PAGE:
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Financial probes put pressure on Wall Street to track messaging

Brokerages get proactive with IT as some are investigated for conflicts of interest

April 29, 2002 12:00 PM ET

Computerworld - Possible conflicts of interest involving Wall Street stock research analysts are expected to put even more pressure on financial services firms to introduce e-mail and instant messaging surveillance and archival technology, according to brokerage executives and analysts.


"It will be a hot issue" this year, said Ravi Jethmal, vice president of compliance at Abel/Noser Corp., an institutional brokerage house located in New York.


Last week, the National Association of Securities Dealers Inc. (NASD) said it would widen its probe of allegedly shady deals in 1999 and 2000 concerning initial public offerings (IPO) launched by J.P. Morgan Chase & Co., Goldman Sachs & Co. and FleetBoston Financial Corp.'s Robertson Stephens Inc. unit. The investigations are related to brokers taking excessive commissions from favored investors who were given preferential treatment with IPOs.


Credit Suisse First Boston Corp. recently paid $100 million to settle charges with the U.S. Securities and Exchange Commission (SEC) and the NASD over allegations of similar IPO deals that were considered violations of securities regulations.


In January, Abel/Noser began using e-mail archiving and surveillance software in anticipation of the SEC focusing on more strict enforcement of Rule 17a-4, which covers electronic-communications storage requirements. The NASD, under its own Rule 2210 and Rule 3010, also requires firms to monitor and store communications with clients.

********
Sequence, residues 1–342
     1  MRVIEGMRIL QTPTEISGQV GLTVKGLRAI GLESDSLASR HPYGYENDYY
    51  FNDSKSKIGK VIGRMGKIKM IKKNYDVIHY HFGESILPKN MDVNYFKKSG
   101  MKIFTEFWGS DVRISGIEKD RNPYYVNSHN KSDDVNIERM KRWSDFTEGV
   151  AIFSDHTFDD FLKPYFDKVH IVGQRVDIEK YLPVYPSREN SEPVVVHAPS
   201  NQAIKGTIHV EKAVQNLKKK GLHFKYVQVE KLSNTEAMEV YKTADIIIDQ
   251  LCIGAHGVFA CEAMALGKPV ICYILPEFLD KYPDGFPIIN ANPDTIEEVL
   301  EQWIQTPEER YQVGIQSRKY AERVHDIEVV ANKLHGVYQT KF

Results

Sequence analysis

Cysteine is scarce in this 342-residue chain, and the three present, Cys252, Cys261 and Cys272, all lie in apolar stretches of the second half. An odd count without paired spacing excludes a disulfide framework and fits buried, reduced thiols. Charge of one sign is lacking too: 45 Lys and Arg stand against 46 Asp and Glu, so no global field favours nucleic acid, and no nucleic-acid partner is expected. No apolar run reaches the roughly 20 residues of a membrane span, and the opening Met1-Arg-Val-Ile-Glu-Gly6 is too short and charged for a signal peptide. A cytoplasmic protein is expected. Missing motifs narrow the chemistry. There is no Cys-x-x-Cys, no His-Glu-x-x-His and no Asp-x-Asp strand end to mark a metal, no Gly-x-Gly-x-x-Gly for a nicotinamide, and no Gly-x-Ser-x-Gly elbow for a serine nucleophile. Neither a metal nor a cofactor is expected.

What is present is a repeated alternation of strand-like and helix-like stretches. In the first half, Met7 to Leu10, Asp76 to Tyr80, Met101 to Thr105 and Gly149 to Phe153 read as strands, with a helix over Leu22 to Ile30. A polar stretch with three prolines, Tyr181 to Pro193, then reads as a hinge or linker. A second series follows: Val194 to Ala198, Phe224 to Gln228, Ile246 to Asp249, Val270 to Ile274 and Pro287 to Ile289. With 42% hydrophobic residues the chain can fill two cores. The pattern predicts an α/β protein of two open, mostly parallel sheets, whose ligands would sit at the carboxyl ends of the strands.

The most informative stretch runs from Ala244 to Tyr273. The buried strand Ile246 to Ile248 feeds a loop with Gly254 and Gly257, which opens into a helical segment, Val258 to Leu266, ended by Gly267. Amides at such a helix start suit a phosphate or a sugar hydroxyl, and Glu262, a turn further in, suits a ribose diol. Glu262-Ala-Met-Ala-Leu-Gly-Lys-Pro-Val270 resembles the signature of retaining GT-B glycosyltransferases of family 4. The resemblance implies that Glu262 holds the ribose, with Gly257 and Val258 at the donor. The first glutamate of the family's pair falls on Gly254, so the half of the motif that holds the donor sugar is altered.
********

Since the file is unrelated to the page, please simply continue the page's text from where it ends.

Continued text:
Under Scrutiny
















WHAT IT MEANS





By the Rules

Here's a brief summary of what NASD Rule 2210 and SEC Rule 17a-4(f) mean to Wall Street IT:


According to the SEC, when
Rule 17a-4
was originally adopted in 1939, it had a paper-only requirement for the initial retention of records.


In 1997, the SEC amended
paragraph (f) of Rule 17a-4
to allow broker-dealers to store records electronically (e.g., on optical disk or magnetic tape).


Andy Nybo, an analyst at Needham, Mass.-based TowerGroup, said firms that aren't currently using monitoring and compliance tools "would be well advised to have those tools in place."


"I think regulatory actions like [the NASD investigation] will steadily increase scrutiny on communications [that] investment firms have with their customers and will prompt more internal tracking and monitoring tools so people can try to prevent inappropriate behavior and catch it before it goes out to the general public," Nybo said.


Abel/Noser's software, from OTG Software Inc. in Rockville, Md., captures e-mail messages and attachments and then organizes and indexes them on a server.


Those e-mails can then be accessed via search capabilities in Microsoft Exchange or Lotus Notes, or through a Web browser. The product also allows firms to set up policies that can scan e-mail based on a lexicon of inappropriate words, such as discount or deal, and can determine how long e-mails are kept and when they should be purged.


Jeff Joyner, a network technician at Davenport & Co., a retail brokerage house in Richmond, Va., said his firm is currently rolling out software from OTG that will allow his compliance department to automatically take samplings of e-mail traffic across the company and review them using workstations. His compliance office used to hold off on e-mail compliance searches because it could take up to four hours to find a single document, Joyner said. Using the surveillance software, searches now take about five minutes.


The moves taken by Davenport were directly related to the SEC's guidelines, said Joyner. "Anytime you keep that type of data sitting around, it's just taking up extra resources. So it's not only a fiscal burden, but it costs us in man-hours involved in maintaining accessibility," Joyner said.


Related stories:


Read more about Financial IT in Computerworld's Financial IT Topic Center.



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